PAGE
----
Is It Memoir or Is It Fiction?

04/28/2011 11:24 am ET | Updated Jun 28, 2011

Memoir scandals break out all the time: someone's memoir turns out to be highly fictionalized. But what about the opposite? How much fiction is really disguised memoir?

Over the years I've often been asked how much of my writing is autobiographical, and even people who know me have gotten confused.

My recently re-published first novel Winter Eyes is about the son of Holocaust survivors who've hidden their Jewish past from him and tried to bring him up in New York as a Polish Catholic.

Because the book was set in New York where I grew up, and because it focuses on a child of Holocaust survivors (which I am, too), it actually puzzled one friend who knew a lot about my life. After he finished reading it, he said, "I didn't realize your parents got divorced when you were little." I told him they weren't divorced, though perhaps they should have been.

"And did your parents pretend they weren't Jewish?" I explained that of course they hadn't, and we'd even talked about my Jewish background before, more than once.

He wasn't done. There was a whole series of things he said he hadn't known about me, but those were all drawn from the life of the boy in the novel, not part of my real life. In each case, I explained the difference. After a long pause, he said, "No wonder I was confused."

Because I had woven in bits and pieces of my real experiences, refracted in complex ways, he caught their scent, but those few traces of reality made him assume it was all true.

My novel Winter Eyes is emotionally real, or more accurately, an alternative reality. I wrote it imagining an almost completely different life from the one I had. For instance, I had a very troubled relationship with my older brother, but the boy in Winter Eyes is an only child. So in a way, you could also call the novel a secret memoir.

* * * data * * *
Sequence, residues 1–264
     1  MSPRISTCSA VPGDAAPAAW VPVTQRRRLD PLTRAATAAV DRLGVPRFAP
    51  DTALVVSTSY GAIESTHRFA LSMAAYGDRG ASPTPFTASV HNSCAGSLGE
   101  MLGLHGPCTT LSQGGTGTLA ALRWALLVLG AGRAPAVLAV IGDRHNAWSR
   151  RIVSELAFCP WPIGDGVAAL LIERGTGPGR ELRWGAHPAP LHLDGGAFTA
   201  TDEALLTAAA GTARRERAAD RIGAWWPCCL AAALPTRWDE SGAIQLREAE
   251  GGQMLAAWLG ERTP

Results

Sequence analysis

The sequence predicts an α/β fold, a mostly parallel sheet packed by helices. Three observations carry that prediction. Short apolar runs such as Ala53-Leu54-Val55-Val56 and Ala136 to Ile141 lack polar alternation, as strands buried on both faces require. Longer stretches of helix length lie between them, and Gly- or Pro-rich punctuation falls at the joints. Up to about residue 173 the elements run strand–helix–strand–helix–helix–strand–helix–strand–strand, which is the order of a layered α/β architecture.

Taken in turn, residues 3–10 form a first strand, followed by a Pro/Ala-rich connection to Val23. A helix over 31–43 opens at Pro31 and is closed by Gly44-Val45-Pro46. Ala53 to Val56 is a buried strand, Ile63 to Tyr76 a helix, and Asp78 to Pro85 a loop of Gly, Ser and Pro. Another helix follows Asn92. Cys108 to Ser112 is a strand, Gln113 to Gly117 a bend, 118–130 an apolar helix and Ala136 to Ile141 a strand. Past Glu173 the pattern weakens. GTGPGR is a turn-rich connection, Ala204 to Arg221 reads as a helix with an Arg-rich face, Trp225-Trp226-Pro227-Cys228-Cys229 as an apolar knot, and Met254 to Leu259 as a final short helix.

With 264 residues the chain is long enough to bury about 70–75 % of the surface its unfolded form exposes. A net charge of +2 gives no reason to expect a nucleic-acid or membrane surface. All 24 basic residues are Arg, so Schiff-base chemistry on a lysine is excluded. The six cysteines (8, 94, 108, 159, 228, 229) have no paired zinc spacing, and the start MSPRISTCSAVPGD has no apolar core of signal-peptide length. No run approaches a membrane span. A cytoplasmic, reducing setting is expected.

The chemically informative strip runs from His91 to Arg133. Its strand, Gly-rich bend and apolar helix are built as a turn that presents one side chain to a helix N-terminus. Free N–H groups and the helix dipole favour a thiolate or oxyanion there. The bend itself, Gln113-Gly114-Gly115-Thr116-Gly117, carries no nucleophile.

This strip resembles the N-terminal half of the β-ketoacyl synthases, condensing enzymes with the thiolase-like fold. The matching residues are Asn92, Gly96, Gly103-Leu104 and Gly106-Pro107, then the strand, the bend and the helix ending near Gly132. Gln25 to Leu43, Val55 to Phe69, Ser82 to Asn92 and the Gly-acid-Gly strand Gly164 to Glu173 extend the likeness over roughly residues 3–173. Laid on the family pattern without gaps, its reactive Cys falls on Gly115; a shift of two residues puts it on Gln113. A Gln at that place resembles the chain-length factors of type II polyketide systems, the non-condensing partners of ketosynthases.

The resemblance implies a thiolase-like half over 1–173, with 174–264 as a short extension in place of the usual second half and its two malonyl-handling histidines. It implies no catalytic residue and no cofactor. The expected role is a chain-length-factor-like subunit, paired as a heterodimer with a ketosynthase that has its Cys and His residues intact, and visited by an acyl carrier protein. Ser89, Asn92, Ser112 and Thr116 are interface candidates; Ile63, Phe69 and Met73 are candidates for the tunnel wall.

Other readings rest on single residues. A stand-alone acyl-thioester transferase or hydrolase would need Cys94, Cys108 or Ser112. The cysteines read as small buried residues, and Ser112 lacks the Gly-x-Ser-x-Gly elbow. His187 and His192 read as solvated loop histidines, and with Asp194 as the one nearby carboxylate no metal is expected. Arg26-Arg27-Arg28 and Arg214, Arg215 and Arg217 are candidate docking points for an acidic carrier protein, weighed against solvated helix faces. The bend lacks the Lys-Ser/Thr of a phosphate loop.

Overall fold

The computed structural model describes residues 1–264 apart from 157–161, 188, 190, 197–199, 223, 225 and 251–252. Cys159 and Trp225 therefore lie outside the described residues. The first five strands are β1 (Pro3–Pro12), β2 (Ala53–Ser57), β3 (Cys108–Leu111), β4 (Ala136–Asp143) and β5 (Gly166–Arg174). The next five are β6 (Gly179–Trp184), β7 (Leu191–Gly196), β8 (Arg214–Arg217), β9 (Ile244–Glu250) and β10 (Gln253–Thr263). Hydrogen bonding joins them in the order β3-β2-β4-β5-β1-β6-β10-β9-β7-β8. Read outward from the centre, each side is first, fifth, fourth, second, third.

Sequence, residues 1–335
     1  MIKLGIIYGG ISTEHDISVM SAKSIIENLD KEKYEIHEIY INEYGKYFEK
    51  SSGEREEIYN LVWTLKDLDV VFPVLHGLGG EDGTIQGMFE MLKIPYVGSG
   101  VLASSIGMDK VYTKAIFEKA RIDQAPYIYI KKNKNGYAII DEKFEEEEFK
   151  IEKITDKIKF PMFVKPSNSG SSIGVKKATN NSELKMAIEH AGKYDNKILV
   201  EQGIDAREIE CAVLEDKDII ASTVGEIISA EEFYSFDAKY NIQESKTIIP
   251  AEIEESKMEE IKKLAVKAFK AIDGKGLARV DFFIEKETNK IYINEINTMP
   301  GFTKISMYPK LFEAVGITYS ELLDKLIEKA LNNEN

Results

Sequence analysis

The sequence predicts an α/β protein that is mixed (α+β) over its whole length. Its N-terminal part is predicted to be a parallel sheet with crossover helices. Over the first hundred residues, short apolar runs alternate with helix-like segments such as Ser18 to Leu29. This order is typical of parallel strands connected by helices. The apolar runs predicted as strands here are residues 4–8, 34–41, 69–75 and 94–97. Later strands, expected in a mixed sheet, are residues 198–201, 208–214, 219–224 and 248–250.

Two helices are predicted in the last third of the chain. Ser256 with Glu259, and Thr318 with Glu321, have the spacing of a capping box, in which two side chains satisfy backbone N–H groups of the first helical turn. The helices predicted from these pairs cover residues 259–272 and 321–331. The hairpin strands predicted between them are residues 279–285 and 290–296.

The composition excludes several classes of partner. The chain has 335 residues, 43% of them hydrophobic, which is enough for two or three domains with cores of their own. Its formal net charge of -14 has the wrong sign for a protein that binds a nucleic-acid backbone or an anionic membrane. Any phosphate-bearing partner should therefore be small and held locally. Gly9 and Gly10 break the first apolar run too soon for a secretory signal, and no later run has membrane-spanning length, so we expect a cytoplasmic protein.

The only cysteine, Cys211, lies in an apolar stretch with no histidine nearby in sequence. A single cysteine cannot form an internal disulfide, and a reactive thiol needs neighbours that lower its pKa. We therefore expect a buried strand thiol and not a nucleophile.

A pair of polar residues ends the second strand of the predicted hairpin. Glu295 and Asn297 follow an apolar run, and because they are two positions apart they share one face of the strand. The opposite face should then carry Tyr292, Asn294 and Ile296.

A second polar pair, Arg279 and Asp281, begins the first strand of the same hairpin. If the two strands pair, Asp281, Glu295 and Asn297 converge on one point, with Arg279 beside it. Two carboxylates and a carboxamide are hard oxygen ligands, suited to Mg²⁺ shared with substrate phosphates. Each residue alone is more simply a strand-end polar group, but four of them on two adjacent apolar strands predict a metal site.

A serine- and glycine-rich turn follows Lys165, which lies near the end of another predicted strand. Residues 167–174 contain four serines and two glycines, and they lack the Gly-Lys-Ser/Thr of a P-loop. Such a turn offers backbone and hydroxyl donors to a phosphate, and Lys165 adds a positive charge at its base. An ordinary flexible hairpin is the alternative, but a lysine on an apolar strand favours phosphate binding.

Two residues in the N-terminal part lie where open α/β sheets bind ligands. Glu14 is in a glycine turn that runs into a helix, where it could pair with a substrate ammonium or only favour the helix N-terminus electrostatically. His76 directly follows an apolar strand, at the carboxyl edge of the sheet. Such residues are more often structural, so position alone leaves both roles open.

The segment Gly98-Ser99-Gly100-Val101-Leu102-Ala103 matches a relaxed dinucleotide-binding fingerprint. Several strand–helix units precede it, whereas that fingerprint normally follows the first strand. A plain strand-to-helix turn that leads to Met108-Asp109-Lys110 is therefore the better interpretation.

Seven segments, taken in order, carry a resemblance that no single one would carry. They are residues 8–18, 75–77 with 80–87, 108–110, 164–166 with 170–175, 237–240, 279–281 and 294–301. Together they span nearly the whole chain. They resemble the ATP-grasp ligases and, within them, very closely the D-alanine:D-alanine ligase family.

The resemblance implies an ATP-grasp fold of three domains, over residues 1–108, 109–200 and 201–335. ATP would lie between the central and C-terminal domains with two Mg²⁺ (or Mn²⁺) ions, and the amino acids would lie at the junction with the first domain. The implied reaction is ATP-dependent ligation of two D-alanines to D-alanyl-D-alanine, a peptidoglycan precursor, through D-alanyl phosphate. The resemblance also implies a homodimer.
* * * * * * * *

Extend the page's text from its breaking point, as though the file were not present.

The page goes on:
My friend's confusion is especially strong with stories and books I've written in the first person, and people after a reading from one of those will invariably refer to "The part where you...."

I reply, "You mean the part where he...." and they smile indulgently. It's happened not just in America, but at readings I've given in Germany. Years ago, I was annoyed, but I eventually learned to take it as a compliment. The narrative had seemed so real to the audience that people automatically assumed I was transcribing something from my own life.

The confusion reminds me again and again of the power of storytelling to move people so much that it seems it must be real -- even when it's fiction. I fell in love with that power way back in second grade. Reading authors as different as Isaac Asimov and Dumas, I started to learn and appreciate the gorgeous ways in which, as Robert Browning said, stories are "always old and always new."